Contact: Matthew Gonzales
School Diversity Project Director
New York Appleseed
NEW YORK APPLESEED HAILS RELEASE OF SCHOOL DIVERSITY POLICY STATEMENT AND FRAMEWORK FOR COMMUNITY ENGAGEMENT
Policy statement with specific goals coupled with community-engagement process represents the culmination of four years of advocacy for New York Appleseed.
Specifics of goals and action steps fall short.
NEW YORK – New York Appleseed celebrates a significant victory with the New York City Department of Education’s (DOE’s) announcement of a clear policy statement prioritizing school diversity with specific benchmarks to measure success – a long standing advocacy goal for the organization. New York Appleseed also hails DOE’s proposed complementary framework for community engagement in the diversity plan entitled Equity and Excellence for All: Diversity in New York City Public Schools.
Since the publication of its groundbreaking Within Our Reach series of advocacy briefings beginning in 2013, New York Appleseed has insisted that individual communities – particularly at community-school-district level are essential partners in the development of voluntary school-integration plans. By prioritizing school diversity with a clear policy statement and laying out a framework for public engagement, the language of DOE’s diversity plan affirms the critical role of community-based planning.
“Today the New York City Department of Education has taken a huge leap forward with an explicit policy statement prioritizing school diversity and a complementary process for community engagement to turn aspirations into reality,” said New York Appleseed’s School Diversity Project Director Matthew Gonzales. “We look forward to working with the Department towards the realization of a more integrated school system under this framework.”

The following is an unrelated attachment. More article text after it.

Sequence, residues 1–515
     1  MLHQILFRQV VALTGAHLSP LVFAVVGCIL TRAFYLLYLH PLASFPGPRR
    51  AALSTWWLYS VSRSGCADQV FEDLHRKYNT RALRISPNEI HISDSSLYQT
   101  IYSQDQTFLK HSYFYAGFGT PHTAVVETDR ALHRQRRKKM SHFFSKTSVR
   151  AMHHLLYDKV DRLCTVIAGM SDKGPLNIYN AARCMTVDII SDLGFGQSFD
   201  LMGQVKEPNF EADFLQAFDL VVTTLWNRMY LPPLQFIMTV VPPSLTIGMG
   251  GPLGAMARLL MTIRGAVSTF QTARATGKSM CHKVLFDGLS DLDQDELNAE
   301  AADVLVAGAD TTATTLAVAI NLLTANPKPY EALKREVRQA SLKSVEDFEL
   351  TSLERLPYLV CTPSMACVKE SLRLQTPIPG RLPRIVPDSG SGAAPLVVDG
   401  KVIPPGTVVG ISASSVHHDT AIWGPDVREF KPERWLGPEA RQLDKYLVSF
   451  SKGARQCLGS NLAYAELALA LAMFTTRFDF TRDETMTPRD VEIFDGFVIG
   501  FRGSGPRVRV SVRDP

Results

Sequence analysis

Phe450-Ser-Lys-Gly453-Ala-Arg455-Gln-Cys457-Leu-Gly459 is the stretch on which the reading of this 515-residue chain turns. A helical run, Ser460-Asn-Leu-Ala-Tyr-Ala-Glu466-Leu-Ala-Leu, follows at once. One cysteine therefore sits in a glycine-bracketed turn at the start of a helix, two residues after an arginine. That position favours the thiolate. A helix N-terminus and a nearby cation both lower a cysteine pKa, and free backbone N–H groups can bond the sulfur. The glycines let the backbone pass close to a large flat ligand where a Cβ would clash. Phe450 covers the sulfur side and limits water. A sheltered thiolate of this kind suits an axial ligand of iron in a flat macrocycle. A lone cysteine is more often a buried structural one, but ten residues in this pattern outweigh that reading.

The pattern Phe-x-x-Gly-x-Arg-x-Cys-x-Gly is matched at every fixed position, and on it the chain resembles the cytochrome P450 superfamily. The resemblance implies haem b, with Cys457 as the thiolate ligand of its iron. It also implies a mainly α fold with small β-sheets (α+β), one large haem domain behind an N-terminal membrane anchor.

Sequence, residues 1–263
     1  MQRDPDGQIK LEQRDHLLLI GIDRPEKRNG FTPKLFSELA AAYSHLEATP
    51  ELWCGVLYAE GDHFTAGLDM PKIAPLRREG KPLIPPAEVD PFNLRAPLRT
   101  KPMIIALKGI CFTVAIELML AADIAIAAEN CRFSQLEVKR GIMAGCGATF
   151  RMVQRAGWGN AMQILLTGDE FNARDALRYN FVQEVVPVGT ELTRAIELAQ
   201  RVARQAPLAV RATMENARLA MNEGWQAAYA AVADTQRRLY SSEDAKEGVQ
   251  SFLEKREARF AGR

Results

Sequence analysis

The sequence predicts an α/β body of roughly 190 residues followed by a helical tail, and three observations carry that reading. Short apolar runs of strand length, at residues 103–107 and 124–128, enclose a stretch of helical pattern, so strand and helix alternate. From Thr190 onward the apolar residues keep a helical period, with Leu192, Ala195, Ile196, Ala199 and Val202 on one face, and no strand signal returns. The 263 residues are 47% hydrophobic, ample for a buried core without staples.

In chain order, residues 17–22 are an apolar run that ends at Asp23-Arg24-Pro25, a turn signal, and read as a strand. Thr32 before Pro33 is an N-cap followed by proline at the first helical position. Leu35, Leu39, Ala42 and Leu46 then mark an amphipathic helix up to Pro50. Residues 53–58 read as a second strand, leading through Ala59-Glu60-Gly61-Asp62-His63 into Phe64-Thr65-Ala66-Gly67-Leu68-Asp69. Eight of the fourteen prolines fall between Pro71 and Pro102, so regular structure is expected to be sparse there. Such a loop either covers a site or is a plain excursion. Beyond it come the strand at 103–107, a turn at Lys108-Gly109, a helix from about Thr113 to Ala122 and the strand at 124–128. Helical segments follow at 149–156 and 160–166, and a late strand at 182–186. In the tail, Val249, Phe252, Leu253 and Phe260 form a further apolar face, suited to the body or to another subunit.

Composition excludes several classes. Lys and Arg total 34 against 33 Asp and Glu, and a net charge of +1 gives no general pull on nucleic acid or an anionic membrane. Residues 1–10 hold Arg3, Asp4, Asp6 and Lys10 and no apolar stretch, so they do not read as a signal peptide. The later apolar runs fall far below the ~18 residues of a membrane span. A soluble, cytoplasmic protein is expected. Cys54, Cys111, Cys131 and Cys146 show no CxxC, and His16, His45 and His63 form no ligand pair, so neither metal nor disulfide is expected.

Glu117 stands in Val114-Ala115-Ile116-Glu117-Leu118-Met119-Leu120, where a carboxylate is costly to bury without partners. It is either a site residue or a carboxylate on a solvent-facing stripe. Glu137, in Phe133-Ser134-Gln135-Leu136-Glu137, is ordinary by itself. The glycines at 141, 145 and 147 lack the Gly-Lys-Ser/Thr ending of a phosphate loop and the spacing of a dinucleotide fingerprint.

Notwithstanding this significant step forward for school diversity, New York Appleseed is puzzled by the plan’s inclusion of unambitious goals and action steps, many of which DOE has already been doing.
“We are concerned by the low bar DOE seems to have set for itself in its goals and action steps and look forward to working with the new Advisory Group to shore up this part of the plan,” said Executive Director David Tipson. “We are particularly troubled by the DOE’s apparent doubling down on screened admissions – the principal driver of segregation in the city’s middle and high schools.”
New York Appleseed advocates for equity of access and fair allocation of resources to schools and neighborhoods in New York City and across New York State. We collaborate with volunteer lawyers, parent groups, demographers, real estate professionals, government officials and community advocates to uncover regional disparities, develop practical solutions and advocate for implementation of our recommendations.